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    You are in: Home / Community Forums / Cooking Q & A / Question:Pressure cooker chicken stock
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    Question:Pressure cooker chicken stock

    lalapizzaparty
    Sat Dec 08, 2012 4:26 pm
    Newbie "Fry Cook" Poster
    The picture looks fabulous. Lots of good gelatin. Wonder about the tradtional step of skimming impurities off the top when pot first comes to aboil. I have always been told this step is imperative for ahealthy broth. Thoughts? Pressure cooker chicken stock
    duonyte
    Sat Dec 08, 2012 4:59 pm
    Forum Host
    There really is no way of skimming this because of the way it's cooked. It may be that the shorter cooking time prevents any cloudiness from "impurities" - it's not a question of healthiness, but of clarity of the broth.
    Zeldaz
    Sat Dec 08, 2012 5:08 pm
    Food.com Groupie
    I never boil stock, it makes it cloudy! It never needs skimming that way. Always cook at what I call a "seethe".
    duonyte
    Sat Dec 08, 2012 5:59 pm
    Forum Host
    I cook mine in the crockpot- it stays very clear. I just ladle out the stock and the sediment is all at the bottom.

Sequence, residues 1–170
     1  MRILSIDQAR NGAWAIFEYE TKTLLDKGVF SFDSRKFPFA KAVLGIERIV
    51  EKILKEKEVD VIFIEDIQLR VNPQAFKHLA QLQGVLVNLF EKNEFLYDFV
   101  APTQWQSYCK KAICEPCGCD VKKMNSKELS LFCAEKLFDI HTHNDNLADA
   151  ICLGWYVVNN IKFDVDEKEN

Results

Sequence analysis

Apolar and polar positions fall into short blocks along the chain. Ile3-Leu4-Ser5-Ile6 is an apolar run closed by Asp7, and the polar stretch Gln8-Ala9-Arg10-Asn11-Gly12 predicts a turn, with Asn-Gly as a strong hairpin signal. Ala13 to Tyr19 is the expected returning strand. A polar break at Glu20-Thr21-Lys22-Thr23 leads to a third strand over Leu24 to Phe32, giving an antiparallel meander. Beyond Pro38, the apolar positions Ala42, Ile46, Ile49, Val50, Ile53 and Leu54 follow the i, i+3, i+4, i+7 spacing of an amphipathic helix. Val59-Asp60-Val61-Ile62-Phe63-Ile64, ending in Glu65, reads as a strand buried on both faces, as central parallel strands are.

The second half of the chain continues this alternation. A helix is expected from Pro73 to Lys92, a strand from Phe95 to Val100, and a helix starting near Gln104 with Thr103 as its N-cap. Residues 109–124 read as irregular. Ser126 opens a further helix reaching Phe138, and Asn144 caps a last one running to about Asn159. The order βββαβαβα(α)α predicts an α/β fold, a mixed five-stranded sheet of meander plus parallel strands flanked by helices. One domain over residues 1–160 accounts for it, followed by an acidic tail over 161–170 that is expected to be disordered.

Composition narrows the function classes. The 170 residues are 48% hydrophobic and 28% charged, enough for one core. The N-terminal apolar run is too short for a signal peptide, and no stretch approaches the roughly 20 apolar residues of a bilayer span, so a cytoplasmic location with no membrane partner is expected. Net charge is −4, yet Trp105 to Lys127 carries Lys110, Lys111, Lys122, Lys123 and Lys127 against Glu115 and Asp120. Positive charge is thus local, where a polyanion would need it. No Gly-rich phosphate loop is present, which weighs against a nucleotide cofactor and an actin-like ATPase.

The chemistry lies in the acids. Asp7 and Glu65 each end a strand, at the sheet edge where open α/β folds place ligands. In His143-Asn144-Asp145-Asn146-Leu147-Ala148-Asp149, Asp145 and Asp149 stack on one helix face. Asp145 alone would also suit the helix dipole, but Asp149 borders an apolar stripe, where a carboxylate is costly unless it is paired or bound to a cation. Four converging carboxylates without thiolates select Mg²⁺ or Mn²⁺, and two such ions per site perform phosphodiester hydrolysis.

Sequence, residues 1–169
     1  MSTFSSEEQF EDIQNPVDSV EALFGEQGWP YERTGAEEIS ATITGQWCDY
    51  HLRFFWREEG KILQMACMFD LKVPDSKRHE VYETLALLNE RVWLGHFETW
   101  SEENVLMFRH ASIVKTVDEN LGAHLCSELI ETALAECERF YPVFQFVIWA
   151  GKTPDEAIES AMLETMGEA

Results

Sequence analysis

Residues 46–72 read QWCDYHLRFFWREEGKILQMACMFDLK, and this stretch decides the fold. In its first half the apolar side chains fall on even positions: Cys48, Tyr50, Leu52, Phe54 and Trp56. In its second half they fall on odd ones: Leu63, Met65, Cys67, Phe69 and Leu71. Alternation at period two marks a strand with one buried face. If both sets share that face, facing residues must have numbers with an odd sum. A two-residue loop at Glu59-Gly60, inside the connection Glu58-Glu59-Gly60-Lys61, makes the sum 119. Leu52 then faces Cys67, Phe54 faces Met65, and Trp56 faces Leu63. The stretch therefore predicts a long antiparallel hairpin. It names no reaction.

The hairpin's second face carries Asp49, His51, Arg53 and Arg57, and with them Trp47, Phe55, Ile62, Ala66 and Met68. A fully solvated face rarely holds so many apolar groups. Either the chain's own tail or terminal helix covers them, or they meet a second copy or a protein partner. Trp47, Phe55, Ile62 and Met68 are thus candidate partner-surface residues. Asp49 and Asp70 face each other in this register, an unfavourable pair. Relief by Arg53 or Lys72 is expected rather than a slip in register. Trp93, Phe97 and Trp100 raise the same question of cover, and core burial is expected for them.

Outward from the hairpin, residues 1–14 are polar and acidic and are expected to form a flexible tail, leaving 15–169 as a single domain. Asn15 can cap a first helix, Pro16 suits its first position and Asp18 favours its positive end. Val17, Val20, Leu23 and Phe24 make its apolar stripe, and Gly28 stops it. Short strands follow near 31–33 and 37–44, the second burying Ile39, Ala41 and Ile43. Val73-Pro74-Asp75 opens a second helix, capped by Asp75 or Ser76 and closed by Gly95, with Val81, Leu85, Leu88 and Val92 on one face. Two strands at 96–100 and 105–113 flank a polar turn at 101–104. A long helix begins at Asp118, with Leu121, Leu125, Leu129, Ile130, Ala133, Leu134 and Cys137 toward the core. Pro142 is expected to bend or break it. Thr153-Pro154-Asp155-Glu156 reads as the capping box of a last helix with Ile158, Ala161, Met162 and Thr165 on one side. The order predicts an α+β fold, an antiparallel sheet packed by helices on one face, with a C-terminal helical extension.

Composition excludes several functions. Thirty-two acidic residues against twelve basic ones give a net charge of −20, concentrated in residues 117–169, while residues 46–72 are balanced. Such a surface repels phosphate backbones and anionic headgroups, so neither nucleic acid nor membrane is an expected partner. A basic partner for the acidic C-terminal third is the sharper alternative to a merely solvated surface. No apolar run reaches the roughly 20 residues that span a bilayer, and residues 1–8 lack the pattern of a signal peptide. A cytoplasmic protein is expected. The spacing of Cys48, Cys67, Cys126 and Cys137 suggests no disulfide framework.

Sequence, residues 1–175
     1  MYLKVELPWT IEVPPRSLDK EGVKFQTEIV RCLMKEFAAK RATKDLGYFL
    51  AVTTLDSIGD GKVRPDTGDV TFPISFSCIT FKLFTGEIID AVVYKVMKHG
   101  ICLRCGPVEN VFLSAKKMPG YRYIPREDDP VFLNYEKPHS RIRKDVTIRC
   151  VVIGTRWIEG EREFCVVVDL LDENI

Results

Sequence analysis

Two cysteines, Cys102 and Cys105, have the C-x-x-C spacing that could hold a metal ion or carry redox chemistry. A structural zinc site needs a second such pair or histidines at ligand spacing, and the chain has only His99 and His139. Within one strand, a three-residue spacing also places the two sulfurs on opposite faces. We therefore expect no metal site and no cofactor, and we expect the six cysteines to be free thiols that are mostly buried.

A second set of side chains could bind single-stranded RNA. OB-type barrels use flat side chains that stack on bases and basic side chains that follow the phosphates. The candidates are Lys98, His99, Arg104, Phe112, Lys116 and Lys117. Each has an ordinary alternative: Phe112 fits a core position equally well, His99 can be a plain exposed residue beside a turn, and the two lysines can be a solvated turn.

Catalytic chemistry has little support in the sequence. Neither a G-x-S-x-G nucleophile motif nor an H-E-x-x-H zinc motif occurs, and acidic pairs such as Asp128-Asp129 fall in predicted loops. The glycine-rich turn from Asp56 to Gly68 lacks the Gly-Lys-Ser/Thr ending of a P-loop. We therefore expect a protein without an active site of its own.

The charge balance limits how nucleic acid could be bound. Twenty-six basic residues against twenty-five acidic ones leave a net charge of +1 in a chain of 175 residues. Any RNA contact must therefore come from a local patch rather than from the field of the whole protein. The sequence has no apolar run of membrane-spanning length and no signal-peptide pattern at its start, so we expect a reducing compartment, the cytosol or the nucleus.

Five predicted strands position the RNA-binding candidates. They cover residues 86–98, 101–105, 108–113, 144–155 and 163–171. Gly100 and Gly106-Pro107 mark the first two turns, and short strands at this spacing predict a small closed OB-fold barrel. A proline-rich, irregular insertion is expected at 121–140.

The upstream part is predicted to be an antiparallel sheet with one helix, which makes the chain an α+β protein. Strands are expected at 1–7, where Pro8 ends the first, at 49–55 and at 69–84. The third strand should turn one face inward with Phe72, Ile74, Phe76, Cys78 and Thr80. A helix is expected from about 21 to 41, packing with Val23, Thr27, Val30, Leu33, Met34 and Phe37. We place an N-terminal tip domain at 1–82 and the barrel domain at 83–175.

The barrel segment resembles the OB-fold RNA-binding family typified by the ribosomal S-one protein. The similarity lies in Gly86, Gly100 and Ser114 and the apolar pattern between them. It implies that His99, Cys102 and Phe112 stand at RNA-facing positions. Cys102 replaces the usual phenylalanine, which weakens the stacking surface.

Another way to keep the stock clear is to "pre-boil" meat and bones. Cook in boiling water for about 3 or 4 minutes (after it comes back to a boil), then dump into a colander and rinse. This gets rid of the loose proteins that causes the cloudiness.
    Dee514
    Sat Dec 08, 2012 6:25 pm
    Forum Host
    Skimming the stock has absolutely nothing to do with the stock being "healthy"! The only reason for skimming any foam that may appear on the surface of the pot is to help keep the stock clear.

    When ("stove-top") stock is properly made, it shouldn't become cloudy from unskimmed foam/solids, because there shouldn't be any foam/solids to skim. If your stock develops a foam that needs to be removed, you are cooking it at too high a temperature....it should NOT boil.

    According to the pressure cooker recipe in question, step # 5 directs you to strain the finished stock, which should get rid of any solids that could cause cloudiness.
    icon_smile.gif
    DrGaellon
    Sun Dec 09, 2012 9:24 am
    Food.com Groupie
    Dee514 wrote:
    According to the pressure cooker recipe in question, step # 5 directs you to strain the finished stock, which should get rid of any solids that could cause cloudiness.
    icon_smile.gif

    Just straining it will not entrap the finest particulates. If you really want a clear stock from a pressure cooker, you'd have to clarify it. http://www.ehow.com/how_2093862_clarify-stock.html gives good instructions.
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